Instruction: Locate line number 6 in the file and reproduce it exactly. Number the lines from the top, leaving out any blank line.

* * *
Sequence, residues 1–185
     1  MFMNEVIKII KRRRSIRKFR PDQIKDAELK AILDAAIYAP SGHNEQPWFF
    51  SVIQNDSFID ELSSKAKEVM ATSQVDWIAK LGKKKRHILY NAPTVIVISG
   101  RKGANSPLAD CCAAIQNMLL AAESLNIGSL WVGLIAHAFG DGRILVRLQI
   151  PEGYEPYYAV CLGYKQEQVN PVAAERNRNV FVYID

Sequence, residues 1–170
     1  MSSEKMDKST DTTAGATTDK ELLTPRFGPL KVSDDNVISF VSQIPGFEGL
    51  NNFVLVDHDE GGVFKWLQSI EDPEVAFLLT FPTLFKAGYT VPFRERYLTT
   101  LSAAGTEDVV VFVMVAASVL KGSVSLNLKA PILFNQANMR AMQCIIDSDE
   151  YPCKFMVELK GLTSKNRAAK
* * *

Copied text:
Sequence, residues 1–170